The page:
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Overview

The Center for Latino Achievement and Success in Education (CLASE) is an educational research and development center in the College of Education.

Our Mission

Students work in a classroomUsing a multidimensional, cultural-historical framework focused on reducing academic achievement gaps, while promoting strong bicultural identities and resilience for culturally and linguistically diverse students, CLASE provides:

  • Professional development and resources for K-12 educators
  • Outreach support through mentoring/tutoring
  • Program support in developing a pipeline to post-secondary education
  • Research to inform educators on ways to improve teaching and learning, especially those struggling in Georgia

As a recognized research and development center, CLASE engages in a variety of research, professional development and outreach initiatives serving first- and second-generation, predominantly Latino, culturally and linguistically diverse students, as well as their parents and educators, using a multidimensional, cultural-historical framework focused on reducing the academic achievement gap, while promoting strong bicultural identities and resilience as means to support positive integration into the majority society.

Contact Details

  • Address:
    125 Aderhold Hall
    110 Carlton Street
    Athens, Georgia 30602
  • Executive Director: Pedro Portes

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Our Research

Research results used in the classroom Research conducted by the Center for Latino Achievement and Success in Education has helped develop new pedagogies, change the understanding of cultural adaptation and learning, and investigate how first-generation students adapt to the United States.

Research topics include:

  • Instructional Conversation pedagogy
  • Cultural adaptation across cultures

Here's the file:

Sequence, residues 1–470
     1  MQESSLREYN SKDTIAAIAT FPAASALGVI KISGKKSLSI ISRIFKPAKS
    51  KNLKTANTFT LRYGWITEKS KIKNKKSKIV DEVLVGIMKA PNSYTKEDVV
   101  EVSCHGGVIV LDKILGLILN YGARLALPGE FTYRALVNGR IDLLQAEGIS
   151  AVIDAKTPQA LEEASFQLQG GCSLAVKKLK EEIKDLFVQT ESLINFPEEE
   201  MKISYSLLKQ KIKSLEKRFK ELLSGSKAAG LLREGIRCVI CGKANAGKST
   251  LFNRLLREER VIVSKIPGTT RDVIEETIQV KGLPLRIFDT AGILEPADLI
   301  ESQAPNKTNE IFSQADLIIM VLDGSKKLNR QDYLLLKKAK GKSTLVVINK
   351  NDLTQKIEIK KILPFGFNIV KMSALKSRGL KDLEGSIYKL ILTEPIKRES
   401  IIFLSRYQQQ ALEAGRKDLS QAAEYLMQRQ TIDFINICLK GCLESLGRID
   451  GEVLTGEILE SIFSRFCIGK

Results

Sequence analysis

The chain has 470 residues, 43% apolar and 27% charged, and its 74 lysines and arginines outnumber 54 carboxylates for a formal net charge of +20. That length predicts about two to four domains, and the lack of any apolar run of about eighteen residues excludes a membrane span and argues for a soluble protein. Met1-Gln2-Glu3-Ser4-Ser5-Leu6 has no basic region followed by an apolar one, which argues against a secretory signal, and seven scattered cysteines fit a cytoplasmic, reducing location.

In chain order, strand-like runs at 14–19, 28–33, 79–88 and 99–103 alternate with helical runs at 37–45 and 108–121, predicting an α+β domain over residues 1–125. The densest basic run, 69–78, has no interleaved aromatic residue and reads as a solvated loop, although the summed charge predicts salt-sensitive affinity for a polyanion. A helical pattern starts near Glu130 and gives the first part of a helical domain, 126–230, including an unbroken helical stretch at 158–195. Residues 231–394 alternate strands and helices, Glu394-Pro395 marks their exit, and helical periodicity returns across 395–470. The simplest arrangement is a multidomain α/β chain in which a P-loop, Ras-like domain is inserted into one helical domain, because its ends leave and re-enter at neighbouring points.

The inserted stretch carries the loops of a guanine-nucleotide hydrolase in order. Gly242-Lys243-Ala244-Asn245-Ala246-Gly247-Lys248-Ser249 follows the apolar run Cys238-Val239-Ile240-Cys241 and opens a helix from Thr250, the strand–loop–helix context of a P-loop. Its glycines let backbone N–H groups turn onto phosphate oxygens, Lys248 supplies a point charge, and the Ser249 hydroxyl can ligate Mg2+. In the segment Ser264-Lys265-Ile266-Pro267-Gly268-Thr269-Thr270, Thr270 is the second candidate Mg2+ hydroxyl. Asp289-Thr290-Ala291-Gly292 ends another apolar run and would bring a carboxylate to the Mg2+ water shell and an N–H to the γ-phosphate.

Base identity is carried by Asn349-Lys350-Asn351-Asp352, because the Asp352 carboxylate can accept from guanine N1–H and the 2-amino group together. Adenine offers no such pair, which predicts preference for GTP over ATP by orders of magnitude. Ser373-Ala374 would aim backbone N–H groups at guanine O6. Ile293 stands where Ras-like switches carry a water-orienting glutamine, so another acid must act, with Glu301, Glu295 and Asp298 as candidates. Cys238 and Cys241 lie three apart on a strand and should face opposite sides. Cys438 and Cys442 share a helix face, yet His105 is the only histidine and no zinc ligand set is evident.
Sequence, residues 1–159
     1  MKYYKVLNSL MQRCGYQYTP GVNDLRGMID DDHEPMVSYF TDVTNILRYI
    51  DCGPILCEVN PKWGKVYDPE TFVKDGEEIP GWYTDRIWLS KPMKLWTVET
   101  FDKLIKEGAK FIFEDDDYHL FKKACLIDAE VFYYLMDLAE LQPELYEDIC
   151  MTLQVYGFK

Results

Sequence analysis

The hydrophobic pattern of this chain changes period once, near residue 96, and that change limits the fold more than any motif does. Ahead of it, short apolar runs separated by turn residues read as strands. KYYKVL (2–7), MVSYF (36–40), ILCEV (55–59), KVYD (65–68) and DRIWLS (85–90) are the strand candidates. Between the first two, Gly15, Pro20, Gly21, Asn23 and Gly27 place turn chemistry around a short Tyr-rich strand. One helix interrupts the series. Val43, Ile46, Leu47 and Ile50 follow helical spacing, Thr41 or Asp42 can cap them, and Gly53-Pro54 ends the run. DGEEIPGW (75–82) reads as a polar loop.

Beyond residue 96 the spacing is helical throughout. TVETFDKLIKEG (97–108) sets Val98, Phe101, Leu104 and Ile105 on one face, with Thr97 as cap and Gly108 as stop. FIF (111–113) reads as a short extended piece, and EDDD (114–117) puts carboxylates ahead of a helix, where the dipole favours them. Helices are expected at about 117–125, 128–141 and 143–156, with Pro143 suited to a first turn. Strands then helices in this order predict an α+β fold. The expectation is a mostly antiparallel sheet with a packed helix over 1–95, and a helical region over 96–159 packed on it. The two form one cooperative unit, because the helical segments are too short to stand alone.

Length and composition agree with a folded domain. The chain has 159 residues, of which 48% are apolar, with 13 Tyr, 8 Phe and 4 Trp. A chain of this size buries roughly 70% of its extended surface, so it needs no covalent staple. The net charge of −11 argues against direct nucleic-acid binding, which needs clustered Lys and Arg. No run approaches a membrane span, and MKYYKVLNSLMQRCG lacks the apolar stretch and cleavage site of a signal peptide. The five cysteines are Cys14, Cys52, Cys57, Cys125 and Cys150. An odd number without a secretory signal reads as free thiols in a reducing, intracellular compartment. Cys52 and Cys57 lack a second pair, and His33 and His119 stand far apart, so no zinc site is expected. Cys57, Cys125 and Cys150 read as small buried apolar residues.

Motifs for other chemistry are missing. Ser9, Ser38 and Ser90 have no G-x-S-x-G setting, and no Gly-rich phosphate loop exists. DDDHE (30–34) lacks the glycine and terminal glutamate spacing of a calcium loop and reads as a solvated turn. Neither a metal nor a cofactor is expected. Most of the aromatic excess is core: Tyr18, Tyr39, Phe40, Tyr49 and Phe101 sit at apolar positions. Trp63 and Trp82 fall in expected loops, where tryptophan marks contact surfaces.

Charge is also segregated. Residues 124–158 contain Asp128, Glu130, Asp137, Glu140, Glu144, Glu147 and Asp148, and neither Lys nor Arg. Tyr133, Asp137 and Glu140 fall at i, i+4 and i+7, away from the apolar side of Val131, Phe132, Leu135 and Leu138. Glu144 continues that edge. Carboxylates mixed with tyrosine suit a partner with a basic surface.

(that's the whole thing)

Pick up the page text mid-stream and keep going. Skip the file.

• Longitudinal immigration and education

Our research creates long-term, positive effects on education across the United States.

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Professional Development for Educators

Teachers in a PD Our professional development program is a direct outgrowth of CLASE's research, funded by the Institute of Education Sciences, to study the impacts of the Instructional Conversation pedagogy on the academic success of English-language learners.

CLASE offers several professional development options for teachers, instructional coaches and districts. Our professional development facilitators work with districts across Georgia, across the country, and internationally. Find out how our Instructional Conversation pedagogy can work for your classroom or district.

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Tutoring and Mentoring

The CLASE Tutoring and Mentoring program is an after-school enrichment program for third- to fifth-grade English learners that takes place twice a week at Oglethorpe Avenue Elementary School in Athens, Georgia. The program mobilizes volunteer tutors and mentors from The University of Georgia to work with kids to build their motivation and confidence as well as their academic achievement.